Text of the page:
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Wednesday, March 19, 2008

IN BLOOM

Anemone


That weeps at daybreak, like a silly girl
Before her love, and hardly lets the butterflies unfurl
Their painted wings beside it — bid it pine
In pale virginity; the winter snow
Will suit it better than those lips of thine
Whose fires would but scorch it.

From "The Garden of Eros" by Oscar Wilde (1854-1900)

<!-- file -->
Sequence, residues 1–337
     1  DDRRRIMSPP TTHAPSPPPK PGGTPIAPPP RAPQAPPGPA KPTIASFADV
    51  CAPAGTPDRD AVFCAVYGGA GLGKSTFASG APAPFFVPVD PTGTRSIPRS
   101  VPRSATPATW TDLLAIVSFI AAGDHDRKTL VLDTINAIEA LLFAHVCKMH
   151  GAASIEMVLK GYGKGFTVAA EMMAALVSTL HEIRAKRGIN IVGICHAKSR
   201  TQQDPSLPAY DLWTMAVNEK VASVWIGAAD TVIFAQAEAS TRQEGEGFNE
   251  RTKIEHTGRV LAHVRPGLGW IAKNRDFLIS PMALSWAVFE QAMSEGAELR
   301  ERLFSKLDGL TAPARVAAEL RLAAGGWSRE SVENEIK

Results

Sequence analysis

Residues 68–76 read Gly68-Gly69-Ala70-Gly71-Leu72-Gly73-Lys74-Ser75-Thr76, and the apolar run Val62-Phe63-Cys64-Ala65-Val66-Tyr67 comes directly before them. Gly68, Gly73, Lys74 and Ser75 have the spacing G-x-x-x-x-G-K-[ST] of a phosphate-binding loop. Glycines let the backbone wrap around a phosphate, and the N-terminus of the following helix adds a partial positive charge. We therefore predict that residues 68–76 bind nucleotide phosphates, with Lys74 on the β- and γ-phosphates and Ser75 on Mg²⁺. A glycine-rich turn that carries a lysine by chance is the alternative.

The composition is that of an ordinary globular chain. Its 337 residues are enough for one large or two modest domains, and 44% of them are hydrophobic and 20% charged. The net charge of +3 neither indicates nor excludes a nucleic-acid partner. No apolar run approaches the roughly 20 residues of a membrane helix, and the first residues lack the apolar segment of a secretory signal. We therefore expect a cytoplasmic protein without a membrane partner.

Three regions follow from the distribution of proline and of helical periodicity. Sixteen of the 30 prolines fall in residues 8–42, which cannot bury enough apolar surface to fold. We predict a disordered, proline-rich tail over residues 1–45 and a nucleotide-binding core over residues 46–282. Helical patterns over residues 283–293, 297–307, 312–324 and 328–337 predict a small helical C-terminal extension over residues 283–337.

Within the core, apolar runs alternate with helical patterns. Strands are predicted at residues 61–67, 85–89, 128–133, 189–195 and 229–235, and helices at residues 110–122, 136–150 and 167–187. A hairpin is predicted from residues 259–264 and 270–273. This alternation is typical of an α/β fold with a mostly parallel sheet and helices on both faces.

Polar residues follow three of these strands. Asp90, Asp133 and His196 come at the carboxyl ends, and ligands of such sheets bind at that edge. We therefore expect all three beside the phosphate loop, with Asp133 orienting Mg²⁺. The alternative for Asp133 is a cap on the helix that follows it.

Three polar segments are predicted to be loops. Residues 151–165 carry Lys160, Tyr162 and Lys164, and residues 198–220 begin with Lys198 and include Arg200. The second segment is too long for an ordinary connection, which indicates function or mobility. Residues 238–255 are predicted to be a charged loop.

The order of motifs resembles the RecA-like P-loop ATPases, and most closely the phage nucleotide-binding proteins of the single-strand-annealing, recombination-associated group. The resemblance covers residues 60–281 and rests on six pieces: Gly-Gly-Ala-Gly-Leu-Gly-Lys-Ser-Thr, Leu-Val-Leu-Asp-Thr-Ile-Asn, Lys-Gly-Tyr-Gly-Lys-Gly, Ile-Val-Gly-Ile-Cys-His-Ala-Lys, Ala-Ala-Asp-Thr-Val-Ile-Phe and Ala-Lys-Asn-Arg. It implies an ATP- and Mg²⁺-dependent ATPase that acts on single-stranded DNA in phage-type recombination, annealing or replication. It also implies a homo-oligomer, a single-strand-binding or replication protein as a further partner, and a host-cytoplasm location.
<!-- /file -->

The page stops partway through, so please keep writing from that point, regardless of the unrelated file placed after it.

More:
In Oscar Wilde's poem, the fiery "lips" refer to the Sun, and he rightly observes the delicate nature of spring-flowering anemones. Anemones belong to the large Ranunculaceae or buttercup family of plants that typically have silky or velvety petals, a distinctive circle of stamens, and divided leaves. In Japan, the name "anemone" denotes the large red or purple flowers of Anemone coronaria, which is a popular florists' bloom. There are, hoever, many species of anemones, and the type pictured above is the wild Anemone blanda, or Mountain Anemone of Greece. The flowers are about 4 cm across and are usually blue, but they also come in pink or white. It is a popular garden plant and easy to grow. I planted a few small corms of A. blanda on a west-facing slope in my garden, and in early spring, when the ground was still dusted with frost, these brave little plants started to stir. First a bud emerged with its head bent down. Then a pair of leaves appeared, and gradually the bud looked up and fine, silky petals flared out. Another common name for wild anemones is "windflowers," and it is wonderful to see a mass of windflowers in the wild. In Japan you can find the pure-white nirin-sou (A. flaccida) blooming in April or May. It likes moist ground, on high plains or at the forest edge, and can colonize large areas.



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